In one famous story, a 10th-century nobleman saves a fox from a mob bent on killing it for its liver. A few days later, a beautiful woman mysteriously appears at his door. They fall madly in love, get married and have a son. Three years later, the woman suddenly disappears, leaving a note explaining to her husband that she was really just the fox whose life he had saved. Their son grows up to be Abe no Seimei, the famous Onmyoji Yin-Yang wizard who protects the imperial court and the capital city from all sorts of wicked spells and disasters.

After living for a full millennium, fairy foxes may attain a formidable style with nine tails. Nine-tail foxes, or Kyubi no Kitsune, are of Chinese origin, but have also been active in Japan as well. During the Edo period (1603-1867), motifs depicting heroes ridding the land of these often ill-tempered nine-tail foxes were widely adopted into traditional theater, literature and art.

Until quite recently, mental illnesses and emotional instability were frequently attributed to possession by fox spirits, especially in isolated rural villages. Even more frightening, there are families, called tsukimono-mochi, which are rumored to keep tiny fox spirits in vases or bamboo tubes. These spirits can be sent out on various missions, such as searching for gold or treasure, stealing, spying on people, or just causing all sorts of trouble and misfortune. The secrets of caring for and controlling these fox spirits, or in some cases similar dog or weasel spirits, are passed down from generation to generation among women of the household. Families which are rumored to possess fox spirits are feared and shunned.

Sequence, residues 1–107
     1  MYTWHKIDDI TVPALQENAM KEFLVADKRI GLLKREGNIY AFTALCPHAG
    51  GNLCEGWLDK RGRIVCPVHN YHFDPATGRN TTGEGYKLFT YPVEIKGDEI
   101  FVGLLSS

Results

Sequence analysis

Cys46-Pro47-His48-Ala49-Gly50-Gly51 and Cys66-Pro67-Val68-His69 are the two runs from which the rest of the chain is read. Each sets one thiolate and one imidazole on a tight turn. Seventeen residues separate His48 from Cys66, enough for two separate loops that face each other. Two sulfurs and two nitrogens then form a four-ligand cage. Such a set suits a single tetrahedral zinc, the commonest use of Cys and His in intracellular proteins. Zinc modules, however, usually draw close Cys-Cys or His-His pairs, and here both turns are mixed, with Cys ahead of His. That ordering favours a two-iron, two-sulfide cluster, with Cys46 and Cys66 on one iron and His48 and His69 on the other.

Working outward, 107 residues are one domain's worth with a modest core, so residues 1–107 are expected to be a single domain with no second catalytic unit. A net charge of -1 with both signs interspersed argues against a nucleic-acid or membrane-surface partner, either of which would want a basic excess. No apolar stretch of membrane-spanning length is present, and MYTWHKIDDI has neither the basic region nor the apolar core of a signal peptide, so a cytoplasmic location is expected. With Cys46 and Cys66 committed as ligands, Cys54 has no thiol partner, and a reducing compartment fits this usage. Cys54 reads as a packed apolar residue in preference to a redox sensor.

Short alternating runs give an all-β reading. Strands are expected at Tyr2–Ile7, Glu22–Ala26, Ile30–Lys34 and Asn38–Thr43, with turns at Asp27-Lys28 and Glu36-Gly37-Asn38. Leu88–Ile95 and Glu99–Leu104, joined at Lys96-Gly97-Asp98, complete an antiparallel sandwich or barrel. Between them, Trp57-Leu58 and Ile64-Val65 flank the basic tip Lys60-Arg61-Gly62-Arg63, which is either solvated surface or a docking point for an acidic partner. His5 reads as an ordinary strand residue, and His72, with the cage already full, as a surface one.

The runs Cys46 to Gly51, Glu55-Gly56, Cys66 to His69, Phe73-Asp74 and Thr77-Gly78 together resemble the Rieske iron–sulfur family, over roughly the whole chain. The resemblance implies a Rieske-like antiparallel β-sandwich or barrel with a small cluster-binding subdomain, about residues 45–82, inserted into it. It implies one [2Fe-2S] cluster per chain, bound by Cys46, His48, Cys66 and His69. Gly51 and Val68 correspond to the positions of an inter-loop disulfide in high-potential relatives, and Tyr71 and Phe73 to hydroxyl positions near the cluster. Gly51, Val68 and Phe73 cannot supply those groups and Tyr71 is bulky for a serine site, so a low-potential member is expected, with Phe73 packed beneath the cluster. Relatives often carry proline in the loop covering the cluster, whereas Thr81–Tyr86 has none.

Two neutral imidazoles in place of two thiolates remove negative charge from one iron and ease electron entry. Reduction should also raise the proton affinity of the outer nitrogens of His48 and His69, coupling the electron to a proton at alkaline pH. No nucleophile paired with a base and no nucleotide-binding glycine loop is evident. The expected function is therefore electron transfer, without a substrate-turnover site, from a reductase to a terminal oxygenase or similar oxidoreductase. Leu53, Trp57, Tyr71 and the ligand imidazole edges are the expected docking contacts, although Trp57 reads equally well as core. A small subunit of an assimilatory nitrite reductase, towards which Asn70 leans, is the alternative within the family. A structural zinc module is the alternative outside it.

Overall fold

Another peculiarity of fairy foxes is that they tend to emit strange lights at night. One very famous spot for kitsune-bi fox-fire is the Inari shrine at Oji in Kita Ward, Tokyo. Every New Year’s Eve foxes from all over the Kanto region are believed to assemble here under an ancient hackberry tree. The local farmers predict the yields of the coming season’s crops by the number of glowing lights they count.

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Short is a naturalist and cultural anthropology professor at Tokyo University of Information Sciences.

(Daily Yomiuri, May. 10, 2012)